For caramels, I think about % of water and flavour; Miso texture makes liquid thicker. So depending on how much softness you want, you’d need to adjust the liquid ingredients.
For cake and cookies, moisture also needs to be adjusted but also to be aware of Amino acid and sugar, as Miso gives extra Maillard reaction to baked goods. So baking time and temperature need to be adjusted to control colours and texture of the baked goods.
Moving on to dairy, what are Hokkaido cheese tarts? Could you tell us a bit more about Hokkaido milk? Here in the UK we are lucky to have access to incredible dairy… but none seem to have the same mystery/magic as the famous Hokkaido milk?!
This... I have to shrink people’s expectations! We use the “Hokkaido” brand for marketing reasons - Lol.
Japan is famous for expensive dairy products as the government has to protect farms from importers. One of my joys is to try daily products when I travel. To be honest, the UK is one of my favourite and dream countries when it comes to dairy products. Much tastier than one in Japan. However, the government put a high tariff rate on dairy products from other countries, so it is very hard for us to get them.
For example, one of my favourites is clotted cream from the UK. But extremely expensive in Japan. Honestly, I think nothing special about Hokkaido milk but when we use “Hokkaido” in our products, it sells...
I understand there is an old connection between Portugese and Japanese cuisines - tempura, for example. One of my favourite cakes ever is called Pao De Lo which is a very simple egg foam cake. It is usually under-baked and sold with a gooey centre in Portugal. Do you think this cake is similar to the Castela style cakes famous in Japan? It contains olive oil as the main flavour, rather than honey..
This was also introduced in Japan from 2015 or so and became a trend, but classic Japanese bakeries didn’t do it. It was named “Raw castela”. We categorise classic spongy castella as Wagashi and this raw castle is in Yo-gashi. Both have roots in Portugal but I think we had distinguished it from classic Japanese castella!
You can follow Chef Ayako here, and support and follow her brilliant cookie business Tough Cookie here. Chef Ayako hopes to ship her tough cookies worldwide sometime in the future so I’ll keep you all posted on that.
Let’s talk CAKE
Today is not about developing a whole new recipe, today is about getting DEEP on a technique: The infamous light-as-air genoise sponge to go inside a Yayoi Kusama inspired strawberry cake.
Even though there are slight variations within standard genoise formulations, all recipes are *reasonably* similar: This sponge is all about technique and how to handle all of the pinch points. By god, there are pinch points.
I am the first person to admit that I’m not an expert in all fields of pastry and I’m not about to pretend to re-invent the genoise sponge. So, this week’s recipe will be guided and based on a killer genoise sponge recipe and technique by Chef Ayako.
Strawberry Shortcake is one of the most popular desserts in Japan - it is fluffy (fuwa fuwa!) and not too sweet. The perfect dessert for summer here in the UK now that strawberries have crept in. Although genoise is used in lots of European cakes (Swiss roll, trifle, summer-y layer cakes ala Mary Berry), the super fine texture of the Japanese version is truly exemplary.
The making of a great sponge
I like to think of cake families like mafia families: You’ve got the pound cake gang (ie. equal butter, sugar, eggs etc.), the chiffon clan (cakes aerated by whipped egg whites and usually containing oil) and OG Genoise (today’s subject).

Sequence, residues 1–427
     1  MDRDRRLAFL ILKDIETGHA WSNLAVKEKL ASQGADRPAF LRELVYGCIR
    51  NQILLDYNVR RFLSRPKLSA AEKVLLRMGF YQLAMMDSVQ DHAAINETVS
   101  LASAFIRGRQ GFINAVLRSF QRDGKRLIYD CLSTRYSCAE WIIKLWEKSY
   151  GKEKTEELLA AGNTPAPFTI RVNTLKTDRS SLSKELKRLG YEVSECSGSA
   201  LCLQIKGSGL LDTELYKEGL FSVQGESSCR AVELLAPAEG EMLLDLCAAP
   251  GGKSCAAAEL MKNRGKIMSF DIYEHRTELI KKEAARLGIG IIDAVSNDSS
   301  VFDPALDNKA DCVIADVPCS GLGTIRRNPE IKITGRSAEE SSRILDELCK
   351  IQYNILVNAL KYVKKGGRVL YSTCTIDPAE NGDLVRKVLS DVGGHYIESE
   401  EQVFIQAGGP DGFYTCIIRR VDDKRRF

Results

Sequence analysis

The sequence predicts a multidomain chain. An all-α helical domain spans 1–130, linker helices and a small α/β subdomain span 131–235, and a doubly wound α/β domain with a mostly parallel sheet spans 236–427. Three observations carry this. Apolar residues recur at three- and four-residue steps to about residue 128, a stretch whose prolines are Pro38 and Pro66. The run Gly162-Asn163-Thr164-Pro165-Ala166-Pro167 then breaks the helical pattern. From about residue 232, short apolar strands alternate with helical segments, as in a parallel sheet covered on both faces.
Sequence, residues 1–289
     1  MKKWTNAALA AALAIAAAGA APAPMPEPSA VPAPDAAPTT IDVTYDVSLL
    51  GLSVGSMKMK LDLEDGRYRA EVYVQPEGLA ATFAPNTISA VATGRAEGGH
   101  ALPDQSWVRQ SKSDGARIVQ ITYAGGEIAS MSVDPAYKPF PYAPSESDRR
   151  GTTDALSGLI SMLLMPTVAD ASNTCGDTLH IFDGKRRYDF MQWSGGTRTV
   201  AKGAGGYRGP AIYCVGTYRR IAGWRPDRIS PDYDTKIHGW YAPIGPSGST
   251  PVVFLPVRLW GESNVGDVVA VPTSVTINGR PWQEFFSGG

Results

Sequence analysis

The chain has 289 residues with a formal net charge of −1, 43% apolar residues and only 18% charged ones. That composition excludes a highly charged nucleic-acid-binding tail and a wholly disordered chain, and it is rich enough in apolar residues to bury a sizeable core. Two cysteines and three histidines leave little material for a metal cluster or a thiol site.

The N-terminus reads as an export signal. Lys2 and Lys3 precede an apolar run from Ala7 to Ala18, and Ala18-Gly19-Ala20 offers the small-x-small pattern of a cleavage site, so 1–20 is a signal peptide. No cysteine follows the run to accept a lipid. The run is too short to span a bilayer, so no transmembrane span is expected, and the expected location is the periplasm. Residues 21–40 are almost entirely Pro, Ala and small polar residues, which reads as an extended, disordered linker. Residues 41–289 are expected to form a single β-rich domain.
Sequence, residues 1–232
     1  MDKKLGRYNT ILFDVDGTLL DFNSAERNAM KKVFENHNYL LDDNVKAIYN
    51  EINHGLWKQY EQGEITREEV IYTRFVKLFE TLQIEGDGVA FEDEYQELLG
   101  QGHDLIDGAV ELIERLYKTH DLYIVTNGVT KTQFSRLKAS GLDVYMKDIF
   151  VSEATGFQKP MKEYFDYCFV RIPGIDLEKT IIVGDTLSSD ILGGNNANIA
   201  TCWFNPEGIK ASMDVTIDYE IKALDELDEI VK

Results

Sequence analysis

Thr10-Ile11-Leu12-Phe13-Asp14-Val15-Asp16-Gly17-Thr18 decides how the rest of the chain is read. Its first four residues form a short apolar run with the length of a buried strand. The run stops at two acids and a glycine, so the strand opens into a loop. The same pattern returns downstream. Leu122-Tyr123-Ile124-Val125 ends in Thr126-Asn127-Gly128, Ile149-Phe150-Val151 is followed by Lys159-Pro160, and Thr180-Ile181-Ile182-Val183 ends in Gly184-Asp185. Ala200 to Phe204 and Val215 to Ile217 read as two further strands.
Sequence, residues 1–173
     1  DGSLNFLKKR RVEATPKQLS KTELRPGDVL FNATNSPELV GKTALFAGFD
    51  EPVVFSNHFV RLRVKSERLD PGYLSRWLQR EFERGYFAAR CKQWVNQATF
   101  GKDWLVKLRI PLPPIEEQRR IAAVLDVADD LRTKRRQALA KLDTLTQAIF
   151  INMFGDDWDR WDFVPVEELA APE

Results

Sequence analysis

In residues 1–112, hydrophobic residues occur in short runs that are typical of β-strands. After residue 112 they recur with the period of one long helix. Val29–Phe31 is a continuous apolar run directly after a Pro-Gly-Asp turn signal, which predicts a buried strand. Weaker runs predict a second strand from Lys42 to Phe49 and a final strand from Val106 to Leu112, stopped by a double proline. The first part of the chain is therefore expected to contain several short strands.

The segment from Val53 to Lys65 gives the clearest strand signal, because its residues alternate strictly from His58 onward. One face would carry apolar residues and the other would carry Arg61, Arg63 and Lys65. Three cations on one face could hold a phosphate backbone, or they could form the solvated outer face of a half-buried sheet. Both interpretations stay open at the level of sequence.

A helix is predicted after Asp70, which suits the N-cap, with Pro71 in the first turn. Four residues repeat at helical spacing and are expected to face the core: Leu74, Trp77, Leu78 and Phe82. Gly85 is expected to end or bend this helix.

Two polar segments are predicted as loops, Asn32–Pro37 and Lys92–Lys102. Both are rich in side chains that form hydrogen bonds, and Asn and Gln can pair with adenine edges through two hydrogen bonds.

When it comes to cake, there are a fair few ways to get it to rise. There are two factors at play 1) air and 2) chemical leavening.
For pound cakes, air is incorporated through the action of creaming of butter and sugar. Although this is essential for texture, the air incorporated at this stage isn’t enough to lift a cake, so creamed butter/sugar mixes are backed up with a chemical leavening agent like baking powder or baking soda.
The genoise (and chiffon) is all about AIR. You’ve probably heard about genoise sponges and you may have even made one. Genoise sponges are leavened entirely by air. The air is captured by whisking the eggs into a ‘foam’, a word we’ll be using a lot today.
The Genoise/Genoese has the simplest ingredients of all: Eggs, sugar and flour. It is often - as it will be today - enriched with melted butter. In general, a genoise recipe has a pretty standard ratio: 1:2:2:4 (butter : sugar : flour : eggs)
Where chiffon cakes and genoise differ is the treatment of the eggs. Although there are always recipes that defy the rules, generally chiffon cakes use whipped egg whites whereas a genoise sponge uses whipped whole eggs. And on that note, let’s talk technique
Serious testing energy
So, now we’ve got our cakes in a line, let’s get down to technique. I broke down as many factors as possible for the genoise recipe method and put it to the test - the two biggest variables were temperature of eggs and speed of whisking:
All of the cake in the test above were baked in a 6-inch pan and used the same quantity of eggs, sugar and fat. They were all dropped before and after baking and baked for the same amount of time in the same oven.
BTW… Trying to isolate the stages of the genoise for testing was hard since the final stage - the folding - was always down to my technique and could screw it all up. My cakes got continuously better throughout the week (jumping from 5cm - 8cm in height without changing the recipe!) which does make me wonder whether the differences in crumb for the first few batches were due to poor handling rather than the egg foam, etc. Fortunately, this KP is all about best practice and pinch points and how to perfect the techniques for skyscraper genoise!
The deal with egg foams
When it comes to making egg foams ie. whipping up your eggs - probably the least delicious combination of words ever - the two key factors are temperature and speed.